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Conclusion of UN Negotiations on a Treaty to Ban Nuclear Weapons
July 10, 2017

Press Statement

Heather Nauert
Department Spokesperson
Washington, DC
July 7, 2017

Negotiations on a treaty purporting to ban nuclear weapons concluded in New York on July 7. The United States did not participate in these negotiations and will not support the treaty. Over many years and under various Administrations, we have made clear our willingness to work together with all states to improve international security and reduce the risk of nuclear war. However, this proposed treaty – which ignores the current security challenges that make nuclear deterrence necessary – will not result in the elimination of a single nuclear weapon, nor will it enhance the security of any state. No state that possesses nuclear weapons participated in these negotiations, and no U.S. ally that relies on extended nuclear deterrence supported the final text.

The United States is fully committed to responsible nonproliferation and disarmament efforts and to the Nuclear Non-Proliferation Treaty. We remain on track to meet the central limits of the New START Treaty when they take effect in February 2018, which will cap U.S. and Russian nuclear forces at their lowest levels since the 1950s.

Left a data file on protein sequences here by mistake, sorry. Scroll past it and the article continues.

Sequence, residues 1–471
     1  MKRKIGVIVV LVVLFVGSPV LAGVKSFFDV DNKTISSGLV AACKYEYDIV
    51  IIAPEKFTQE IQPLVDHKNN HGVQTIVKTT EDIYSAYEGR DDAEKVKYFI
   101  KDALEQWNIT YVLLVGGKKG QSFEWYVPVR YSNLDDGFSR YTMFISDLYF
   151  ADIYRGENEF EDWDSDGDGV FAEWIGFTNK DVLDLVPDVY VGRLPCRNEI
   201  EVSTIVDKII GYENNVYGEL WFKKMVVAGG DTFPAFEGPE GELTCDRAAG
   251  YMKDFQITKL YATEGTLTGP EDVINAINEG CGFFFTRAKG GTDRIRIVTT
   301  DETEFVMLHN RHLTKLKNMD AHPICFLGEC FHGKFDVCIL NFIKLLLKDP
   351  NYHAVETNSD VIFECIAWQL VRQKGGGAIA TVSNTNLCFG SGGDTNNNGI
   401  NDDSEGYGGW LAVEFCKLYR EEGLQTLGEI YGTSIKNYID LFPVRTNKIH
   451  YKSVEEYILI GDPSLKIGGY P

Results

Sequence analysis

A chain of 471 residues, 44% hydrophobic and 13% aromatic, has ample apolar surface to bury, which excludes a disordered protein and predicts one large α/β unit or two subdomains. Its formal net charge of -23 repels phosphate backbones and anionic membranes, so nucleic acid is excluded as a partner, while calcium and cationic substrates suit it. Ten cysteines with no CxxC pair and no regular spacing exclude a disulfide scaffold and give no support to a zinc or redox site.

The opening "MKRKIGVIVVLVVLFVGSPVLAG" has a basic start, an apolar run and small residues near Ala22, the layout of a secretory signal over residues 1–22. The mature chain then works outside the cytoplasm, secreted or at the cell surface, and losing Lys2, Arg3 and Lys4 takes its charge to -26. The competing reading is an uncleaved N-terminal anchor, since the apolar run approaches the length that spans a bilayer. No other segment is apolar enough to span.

Nuclear disarmament cannot take place in a vacuum. It would require a transformation of the international security environment, consensus-based approaches that include states that possess nuclear weapons as well as those that do not, rigorous verification, and swift and sure enforcement against any potential violation. We call on all states to join us in intensifying our efforts to address the real security challenges the international community would need to overcome in order to make this possible, beginning with the threat to international peace and security presented by North Korea’s nuclear and ballistic missile programs, its continuing provocations, and its disregard for numerous UN Security Council resolutions. The proposed treaty produced by the nuclear weapons ban negotiations fails in all of these respects, and will do nothing to advance real-world efforts to make the world a safer place. At best it is a distraction from those efforts. At worst, it will deepen political divisions, undermine alliance relationships that help make the world more secure, and make it harder for the international community to work together in devising and implementing effective measures that will let us meet these challenges together.

(end statement)